Crop Explorer - Commodity Intelligence Reports - Azerbaijan, Armenia and Georgia

Feb 28 2002 | Georgia: Rebound for 2001/02 Wheat, Favorable Prospects for 2002/03
Georgian grain production for 2001/02 rebounded with vigor from the previous season's drought, with output reaching 0.7 million tons (including 0.3 million tons of wheat), against 0.4 million in 2000/01. Early prospects are favorable for 2002/03 winter grains, with adequate winter precipitation recharging soil-moisture reserves. Georgia is situated in the Caucasus mountains and is surrounded by Russia to the north, Azerbaijan to the east, and Armenia and Turkey to the south. Much of the country is mountainous, and the agricultural areas are located largely in the lower elevations in the eastern and western regions of the country. Corn traditionally has been Georgia's chief grain crop, typically comprising roughly half of total grain area and two-thirds of total grain production. Winter wheat occupies roughly 30 percent of area and 25 percent of output. (View current USDA estimates of Georgian grain production.)

Mar 27 2002 | Georgia: March Rainfall Reverses Regional Dryness
Satellite imagery and weather data indicate that persistent localized dryness has likely had a negative impact on winter wheat in eastern Georgia. Crops in the west, meanwhile, have benefited from generally favorable weather. This is consistent with a recent report, from the Interfax new agency, of significant damage to winter crops in the eastern agricultural region.

Sep 24 2002 | Georgia: Early Prospects Favorable for Winter Wheat
Establishment conditions for the 2003/04 winter wheat crop, following frequent precipitation during August and September that has replenished soil moisture reserves, are good. In 2002/03, wheat output dropped to an estimated 200,000 tons, from 300,000 tons the previous year, due chiefly to unfavorable establishment conditions last fall (see March report), followed by persistent dryness and high winds in eastern Georgia as the crop was emerging from dormancy. According to local reports, the damage was most severe in the Kakhetia region, which typically produces 50 percent of the country's wheat; in some areas the wheat crop was completely destroyed. Satellite-derived vegetative indices reflect the effect of the dryness, but also indicate that the crop recovered to some degree over the next two months. Meanwhile, 2002/03 corn output is forecast to increase by over 30 percent, to 400,000 tons. The corn crop benefited from above-normal precipitation during the growing season, in sharp contrast to last year when summer dryness reduced yield. Total Georgian grain production for 2002/03 is estimated at 0.7 million tons, essentially unchanged from last year.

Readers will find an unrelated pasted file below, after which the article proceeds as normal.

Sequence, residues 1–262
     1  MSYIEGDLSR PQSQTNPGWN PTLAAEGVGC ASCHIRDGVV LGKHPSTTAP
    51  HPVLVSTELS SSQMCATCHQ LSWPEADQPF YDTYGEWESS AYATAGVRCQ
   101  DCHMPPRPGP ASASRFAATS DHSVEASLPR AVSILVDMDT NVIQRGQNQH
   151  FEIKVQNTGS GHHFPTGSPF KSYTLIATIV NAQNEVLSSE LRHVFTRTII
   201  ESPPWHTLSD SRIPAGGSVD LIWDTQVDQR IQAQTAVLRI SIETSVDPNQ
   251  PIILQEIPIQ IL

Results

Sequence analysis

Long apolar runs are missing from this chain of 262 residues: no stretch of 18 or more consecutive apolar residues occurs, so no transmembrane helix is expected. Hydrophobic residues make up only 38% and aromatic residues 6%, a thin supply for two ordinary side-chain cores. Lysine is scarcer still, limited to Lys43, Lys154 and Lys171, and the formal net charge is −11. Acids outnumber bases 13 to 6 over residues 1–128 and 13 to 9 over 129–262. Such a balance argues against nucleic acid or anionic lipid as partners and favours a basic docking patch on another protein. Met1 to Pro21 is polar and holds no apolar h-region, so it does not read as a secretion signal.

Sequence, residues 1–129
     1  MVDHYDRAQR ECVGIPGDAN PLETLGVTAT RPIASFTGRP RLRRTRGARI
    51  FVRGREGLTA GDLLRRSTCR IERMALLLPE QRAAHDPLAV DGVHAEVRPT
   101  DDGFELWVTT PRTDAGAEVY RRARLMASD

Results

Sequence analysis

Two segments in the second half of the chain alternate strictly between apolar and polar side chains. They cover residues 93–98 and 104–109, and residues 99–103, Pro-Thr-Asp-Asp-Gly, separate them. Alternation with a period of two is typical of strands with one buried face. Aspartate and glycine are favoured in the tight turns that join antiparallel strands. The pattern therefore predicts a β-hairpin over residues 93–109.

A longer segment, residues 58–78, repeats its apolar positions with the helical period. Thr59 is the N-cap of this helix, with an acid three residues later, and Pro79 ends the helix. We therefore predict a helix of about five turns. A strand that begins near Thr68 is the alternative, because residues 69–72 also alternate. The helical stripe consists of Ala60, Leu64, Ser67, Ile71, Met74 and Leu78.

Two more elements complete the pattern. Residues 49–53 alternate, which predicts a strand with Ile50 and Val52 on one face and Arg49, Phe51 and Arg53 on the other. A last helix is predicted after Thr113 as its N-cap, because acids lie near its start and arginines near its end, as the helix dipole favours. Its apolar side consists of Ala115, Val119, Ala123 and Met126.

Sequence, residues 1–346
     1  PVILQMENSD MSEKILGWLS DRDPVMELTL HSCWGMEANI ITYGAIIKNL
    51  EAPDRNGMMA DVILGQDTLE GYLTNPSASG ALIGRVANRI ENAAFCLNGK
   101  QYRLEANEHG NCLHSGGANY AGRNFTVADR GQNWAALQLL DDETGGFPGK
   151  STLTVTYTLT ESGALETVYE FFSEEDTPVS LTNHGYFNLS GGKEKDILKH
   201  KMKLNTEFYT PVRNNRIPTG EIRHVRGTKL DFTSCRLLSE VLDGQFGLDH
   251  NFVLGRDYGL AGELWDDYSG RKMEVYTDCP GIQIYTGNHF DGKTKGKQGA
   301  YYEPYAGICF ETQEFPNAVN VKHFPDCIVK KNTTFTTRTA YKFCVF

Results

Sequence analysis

Nov 24 2003 | Georgia: Crop Production
The USDA estimates Georgian grain production for 2003/04 at nearly 0.7 million tons, including 0.2 million wheat and 0.4 million corn. Unfavorable weather, including severe winter frosts and heavy rain during the harvest campaign, dashed early-season hopes of a rebound from a disappointing crop in 2002/03, when persistent dryness hampered crop establishment and wheat output fell to 0.2 million tons from 0.3 million in 2001/02. (Wheat yield reached a ten-year high in 2001/02 due to the combination of favorable weather and increased technical assistance from international organizations in the form of high-quality planting seed, equipment, fertilizer, and fuel.) According to USDA estimates, Georgia imports roughly 0.4 million tons of wheat annually. Corn production for 2003/04 benefited from generally favorable weather, for the second consecutive year, and output is forecast to match last year's 0.4 million tons. The country imports virtually no corn, and roughly 75 percent of domestic production is used for feed.

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